Cry of the Hawk

The student news site of North Harford High School

Cry of the Hawk

Cry of the Hawk


Should the northern Harford County area have its own 'snow zone' for inclement weather days?

  • YES (92%, 60 Votes)
  • NO (8%, 5 Votes)

Total Voters: 65

Loading ... Loading ...

Letting opportunities to change pass by; Working against men’s mental health stigma

  ‘Man up.’; ‘Be strong.’; ‘Men don’t cry.’ Those are just some of the things men are told when they even think about sharing their emotions. 

     According to, the “prevalence of any mental illness was higher among females than males.” However, makes the claim that the data may reflect a higher percentage of women experiencing mental illness as higher “because men aren’t opening up and reaching out.” also added that in 2021, “51.7% of women” and “40% of men” received support from mental health services. Now, consider this data from In 2021, deaths by suicide for males reached 38,358, and the number of female deaths by suicide was 9,825.

     According to, “depression and suicide are ranked as a leading cause of death among men.” A stigma surrounding men’s mental health is a tug of war battle that grows and shrinks every day. After being told that emotions make them weak, men then neglect to reach out and ask for help. 

     Anyone can have an opinion on this topic, because in the end, the mental health of every single person affects everyone equally. So why should a person’s gender affect the help they are allowed to receive?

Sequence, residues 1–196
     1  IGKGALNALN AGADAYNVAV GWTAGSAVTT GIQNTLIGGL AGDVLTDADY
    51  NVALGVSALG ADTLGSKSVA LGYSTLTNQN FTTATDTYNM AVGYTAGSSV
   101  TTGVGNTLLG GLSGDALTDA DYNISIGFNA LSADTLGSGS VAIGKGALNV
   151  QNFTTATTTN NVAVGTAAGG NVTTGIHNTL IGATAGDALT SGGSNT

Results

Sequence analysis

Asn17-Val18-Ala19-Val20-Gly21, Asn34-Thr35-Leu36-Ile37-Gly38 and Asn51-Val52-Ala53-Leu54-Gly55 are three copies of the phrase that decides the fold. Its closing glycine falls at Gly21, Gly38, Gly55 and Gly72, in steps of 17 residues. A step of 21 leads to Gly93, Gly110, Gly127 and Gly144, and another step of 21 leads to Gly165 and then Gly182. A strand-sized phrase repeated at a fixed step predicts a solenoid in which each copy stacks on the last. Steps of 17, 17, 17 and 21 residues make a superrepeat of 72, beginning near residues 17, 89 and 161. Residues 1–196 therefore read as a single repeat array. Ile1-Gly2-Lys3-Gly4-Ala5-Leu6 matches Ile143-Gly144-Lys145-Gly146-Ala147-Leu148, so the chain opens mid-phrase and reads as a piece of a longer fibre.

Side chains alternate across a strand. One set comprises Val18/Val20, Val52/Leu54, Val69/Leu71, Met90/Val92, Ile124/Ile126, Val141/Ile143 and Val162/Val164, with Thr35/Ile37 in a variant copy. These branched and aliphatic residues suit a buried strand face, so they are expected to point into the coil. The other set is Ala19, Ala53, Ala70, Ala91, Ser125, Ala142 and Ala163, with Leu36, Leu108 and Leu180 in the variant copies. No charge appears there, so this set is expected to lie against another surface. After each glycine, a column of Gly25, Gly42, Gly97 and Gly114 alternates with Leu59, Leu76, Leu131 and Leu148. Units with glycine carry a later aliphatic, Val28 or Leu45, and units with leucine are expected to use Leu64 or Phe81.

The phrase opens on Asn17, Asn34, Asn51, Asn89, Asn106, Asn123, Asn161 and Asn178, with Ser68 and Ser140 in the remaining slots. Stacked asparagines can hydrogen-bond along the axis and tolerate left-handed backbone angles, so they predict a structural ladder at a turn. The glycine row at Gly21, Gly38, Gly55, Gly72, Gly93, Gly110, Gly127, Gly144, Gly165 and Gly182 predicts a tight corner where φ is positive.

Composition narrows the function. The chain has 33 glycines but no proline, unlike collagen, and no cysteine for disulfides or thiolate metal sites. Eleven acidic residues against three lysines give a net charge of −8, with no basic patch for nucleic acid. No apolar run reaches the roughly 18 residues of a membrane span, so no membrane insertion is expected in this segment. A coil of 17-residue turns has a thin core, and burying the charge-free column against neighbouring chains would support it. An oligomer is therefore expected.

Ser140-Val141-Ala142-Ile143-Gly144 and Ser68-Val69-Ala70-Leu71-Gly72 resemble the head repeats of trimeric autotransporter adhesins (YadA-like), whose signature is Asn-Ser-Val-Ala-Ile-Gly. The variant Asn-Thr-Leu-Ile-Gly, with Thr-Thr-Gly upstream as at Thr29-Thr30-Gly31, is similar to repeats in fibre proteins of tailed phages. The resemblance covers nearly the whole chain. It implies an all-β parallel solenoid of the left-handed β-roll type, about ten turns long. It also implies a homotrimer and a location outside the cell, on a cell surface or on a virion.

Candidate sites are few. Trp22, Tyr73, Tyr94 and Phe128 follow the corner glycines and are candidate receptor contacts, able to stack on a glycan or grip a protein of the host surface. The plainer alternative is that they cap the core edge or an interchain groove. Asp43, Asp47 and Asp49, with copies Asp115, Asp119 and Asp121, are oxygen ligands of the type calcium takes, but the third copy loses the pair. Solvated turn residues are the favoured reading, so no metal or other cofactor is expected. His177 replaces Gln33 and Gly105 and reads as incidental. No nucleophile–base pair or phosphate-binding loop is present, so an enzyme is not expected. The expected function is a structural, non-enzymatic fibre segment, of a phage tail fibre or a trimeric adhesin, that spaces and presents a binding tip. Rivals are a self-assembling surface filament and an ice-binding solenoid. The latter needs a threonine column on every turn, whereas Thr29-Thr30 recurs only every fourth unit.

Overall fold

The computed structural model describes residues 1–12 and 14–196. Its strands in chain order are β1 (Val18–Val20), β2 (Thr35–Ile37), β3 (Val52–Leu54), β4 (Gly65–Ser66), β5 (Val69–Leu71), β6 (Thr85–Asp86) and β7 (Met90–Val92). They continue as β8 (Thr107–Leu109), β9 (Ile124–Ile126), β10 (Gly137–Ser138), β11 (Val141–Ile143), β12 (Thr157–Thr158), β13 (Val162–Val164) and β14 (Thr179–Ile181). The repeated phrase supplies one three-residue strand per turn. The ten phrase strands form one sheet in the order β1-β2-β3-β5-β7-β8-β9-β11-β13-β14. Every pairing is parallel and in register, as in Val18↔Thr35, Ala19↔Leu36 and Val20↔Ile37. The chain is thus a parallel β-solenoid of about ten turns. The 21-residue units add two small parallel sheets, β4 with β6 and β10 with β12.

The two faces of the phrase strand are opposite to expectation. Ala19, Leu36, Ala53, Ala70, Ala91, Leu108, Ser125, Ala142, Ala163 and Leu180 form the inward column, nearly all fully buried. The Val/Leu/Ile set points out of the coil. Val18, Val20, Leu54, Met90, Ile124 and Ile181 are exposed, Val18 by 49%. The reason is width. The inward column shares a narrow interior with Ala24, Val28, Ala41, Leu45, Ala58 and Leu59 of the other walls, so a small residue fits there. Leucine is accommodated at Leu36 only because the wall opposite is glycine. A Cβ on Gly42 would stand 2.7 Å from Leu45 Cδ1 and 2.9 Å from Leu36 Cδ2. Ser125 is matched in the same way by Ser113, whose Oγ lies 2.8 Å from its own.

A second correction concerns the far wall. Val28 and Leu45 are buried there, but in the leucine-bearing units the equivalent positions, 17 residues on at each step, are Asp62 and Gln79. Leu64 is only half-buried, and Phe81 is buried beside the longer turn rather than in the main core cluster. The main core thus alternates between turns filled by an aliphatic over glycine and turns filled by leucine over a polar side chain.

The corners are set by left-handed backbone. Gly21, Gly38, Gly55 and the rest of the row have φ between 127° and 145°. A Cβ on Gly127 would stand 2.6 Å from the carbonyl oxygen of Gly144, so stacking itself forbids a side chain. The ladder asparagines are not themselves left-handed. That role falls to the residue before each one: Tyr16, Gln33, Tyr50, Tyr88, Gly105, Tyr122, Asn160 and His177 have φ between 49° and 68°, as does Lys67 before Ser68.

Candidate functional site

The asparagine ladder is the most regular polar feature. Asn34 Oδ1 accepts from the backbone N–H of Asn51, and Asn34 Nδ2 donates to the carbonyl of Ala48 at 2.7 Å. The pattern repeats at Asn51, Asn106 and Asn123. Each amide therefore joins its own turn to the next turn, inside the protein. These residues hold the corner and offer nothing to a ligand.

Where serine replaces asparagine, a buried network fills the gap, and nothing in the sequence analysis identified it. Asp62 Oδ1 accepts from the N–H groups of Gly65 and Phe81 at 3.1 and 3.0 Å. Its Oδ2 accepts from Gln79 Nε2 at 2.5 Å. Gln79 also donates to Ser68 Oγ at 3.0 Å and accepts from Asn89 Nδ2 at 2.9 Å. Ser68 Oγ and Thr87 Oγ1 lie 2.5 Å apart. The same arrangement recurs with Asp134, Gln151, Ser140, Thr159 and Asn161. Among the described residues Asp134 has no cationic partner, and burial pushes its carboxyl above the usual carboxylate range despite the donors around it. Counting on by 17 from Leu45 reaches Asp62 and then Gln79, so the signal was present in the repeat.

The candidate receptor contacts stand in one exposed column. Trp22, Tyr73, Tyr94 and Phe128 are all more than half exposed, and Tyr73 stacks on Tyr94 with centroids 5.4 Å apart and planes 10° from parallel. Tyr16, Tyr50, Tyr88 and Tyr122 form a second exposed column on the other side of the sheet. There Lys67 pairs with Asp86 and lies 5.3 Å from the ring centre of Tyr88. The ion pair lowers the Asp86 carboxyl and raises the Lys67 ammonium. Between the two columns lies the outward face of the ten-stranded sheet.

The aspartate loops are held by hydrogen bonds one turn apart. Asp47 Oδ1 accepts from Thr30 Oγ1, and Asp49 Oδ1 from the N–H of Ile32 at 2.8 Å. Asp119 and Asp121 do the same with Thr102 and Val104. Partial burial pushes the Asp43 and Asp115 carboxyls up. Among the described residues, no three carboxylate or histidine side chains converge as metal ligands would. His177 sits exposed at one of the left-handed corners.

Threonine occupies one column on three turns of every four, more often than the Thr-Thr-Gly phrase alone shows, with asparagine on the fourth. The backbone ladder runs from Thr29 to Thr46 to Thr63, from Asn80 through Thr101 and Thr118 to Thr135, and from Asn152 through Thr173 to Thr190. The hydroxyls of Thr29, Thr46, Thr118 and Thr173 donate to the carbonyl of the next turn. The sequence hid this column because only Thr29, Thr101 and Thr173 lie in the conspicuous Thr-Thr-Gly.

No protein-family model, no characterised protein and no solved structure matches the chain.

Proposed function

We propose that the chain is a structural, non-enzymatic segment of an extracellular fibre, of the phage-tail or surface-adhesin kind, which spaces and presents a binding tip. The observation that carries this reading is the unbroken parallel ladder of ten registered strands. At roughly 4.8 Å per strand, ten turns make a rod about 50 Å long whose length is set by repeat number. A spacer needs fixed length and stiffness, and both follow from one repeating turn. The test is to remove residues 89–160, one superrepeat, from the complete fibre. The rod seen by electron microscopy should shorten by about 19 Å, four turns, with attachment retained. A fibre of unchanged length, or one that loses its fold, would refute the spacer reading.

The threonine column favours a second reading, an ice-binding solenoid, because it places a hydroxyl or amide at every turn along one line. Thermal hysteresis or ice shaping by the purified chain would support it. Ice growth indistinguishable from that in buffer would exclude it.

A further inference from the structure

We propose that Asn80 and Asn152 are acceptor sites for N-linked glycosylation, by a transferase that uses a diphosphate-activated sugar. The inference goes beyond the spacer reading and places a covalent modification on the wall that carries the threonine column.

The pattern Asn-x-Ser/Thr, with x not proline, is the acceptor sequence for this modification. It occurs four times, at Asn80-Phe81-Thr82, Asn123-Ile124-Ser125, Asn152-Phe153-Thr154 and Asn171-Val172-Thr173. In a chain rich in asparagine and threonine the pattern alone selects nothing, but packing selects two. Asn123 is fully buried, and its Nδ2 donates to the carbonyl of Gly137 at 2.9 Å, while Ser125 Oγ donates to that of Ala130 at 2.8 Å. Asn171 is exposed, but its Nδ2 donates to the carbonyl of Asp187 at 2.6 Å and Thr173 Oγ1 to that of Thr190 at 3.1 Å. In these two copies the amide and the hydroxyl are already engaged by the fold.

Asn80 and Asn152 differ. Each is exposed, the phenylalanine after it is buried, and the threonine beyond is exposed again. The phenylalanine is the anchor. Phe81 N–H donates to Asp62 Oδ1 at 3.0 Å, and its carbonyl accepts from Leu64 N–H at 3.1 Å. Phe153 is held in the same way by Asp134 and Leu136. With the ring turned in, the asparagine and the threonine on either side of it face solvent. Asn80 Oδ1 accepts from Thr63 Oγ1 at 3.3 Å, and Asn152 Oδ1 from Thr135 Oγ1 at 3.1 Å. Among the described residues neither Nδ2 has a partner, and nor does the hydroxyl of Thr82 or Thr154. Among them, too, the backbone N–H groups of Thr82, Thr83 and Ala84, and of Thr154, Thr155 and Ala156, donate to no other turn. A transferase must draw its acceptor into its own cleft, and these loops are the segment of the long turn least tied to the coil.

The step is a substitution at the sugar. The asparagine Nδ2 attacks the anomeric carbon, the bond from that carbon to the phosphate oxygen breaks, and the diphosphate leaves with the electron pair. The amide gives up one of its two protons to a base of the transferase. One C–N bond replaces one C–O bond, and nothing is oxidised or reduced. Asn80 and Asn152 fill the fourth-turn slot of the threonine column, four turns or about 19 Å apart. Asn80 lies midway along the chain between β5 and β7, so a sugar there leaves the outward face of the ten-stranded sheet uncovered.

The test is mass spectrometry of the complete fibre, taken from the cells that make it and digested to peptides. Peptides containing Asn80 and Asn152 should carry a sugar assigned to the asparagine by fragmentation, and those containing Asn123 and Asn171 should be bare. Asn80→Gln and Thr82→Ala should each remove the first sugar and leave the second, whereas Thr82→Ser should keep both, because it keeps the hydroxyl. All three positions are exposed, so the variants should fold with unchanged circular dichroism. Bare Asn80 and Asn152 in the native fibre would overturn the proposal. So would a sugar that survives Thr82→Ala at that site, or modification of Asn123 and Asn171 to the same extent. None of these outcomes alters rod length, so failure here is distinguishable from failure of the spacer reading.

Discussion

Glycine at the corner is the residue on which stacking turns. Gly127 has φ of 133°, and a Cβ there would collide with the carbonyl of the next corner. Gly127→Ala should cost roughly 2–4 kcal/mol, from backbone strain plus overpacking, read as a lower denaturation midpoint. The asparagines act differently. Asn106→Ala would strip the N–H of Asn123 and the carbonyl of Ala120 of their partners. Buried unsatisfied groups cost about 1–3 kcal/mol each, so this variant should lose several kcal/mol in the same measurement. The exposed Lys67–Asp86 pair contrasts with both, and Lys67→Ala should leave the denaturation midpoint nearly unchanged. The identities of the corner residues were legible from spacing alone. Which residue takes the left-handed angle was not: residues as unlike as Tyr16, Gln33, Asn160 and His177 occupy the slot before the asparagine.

Simple answer is that it shouldn’t. Yes, the resources for everyone to get help are always there and are broadcasted as available for men. That is not the issue. What can be fixed is the stigma that is stopping men from using these resources. 

     Men are stereotypically expected to behave as “strong, quiet, resilient, and tough,” according to These traits that have been generalized as the way men should act, and they stand in the way of men seeking out help. 

     Traditional masculine norms in society are the culprit that can lead men down a path of never seeking out help. According to, men following society’s masculine norms can lead to, “worsening depression and anxiety” and  “discouragement in seeking help.”

     Anyone can fear weakness, most likely everyone fears being viewed as weak if they talk about emotions. But, making conclusions from the various statistics about deaths by suicide and how many men and women receive mental health support services, paints a clear picture. 

     Cultural pressures from society are the blockades that stop them from reaching out and getting the help they deserve. Sure, go spend more money on billboards, and directing 30-second ads to spread awareness for the topic; but what is this really doing? How can this issue truly be changed? How can this stigma fall away to clear a path that allows men to not feel weak when they experience non-stereotypical “manly” emotions? 

     A quick search online asking, “How to combat men’s mental health stigma?” leads to solutions that seem so simple, yet are so far off from working. Answers appear such as, ‘encourage men to talk about mental health,’ and ‘talking openly’ about issues. These are easier said than done, and that is where the issue is. For years, these have been the solutions to mental health issues among people of all genders. 

     Letting these simple solutions live as the answer will not be sufficient enough as time goes on, there has to be a change.

More to Discover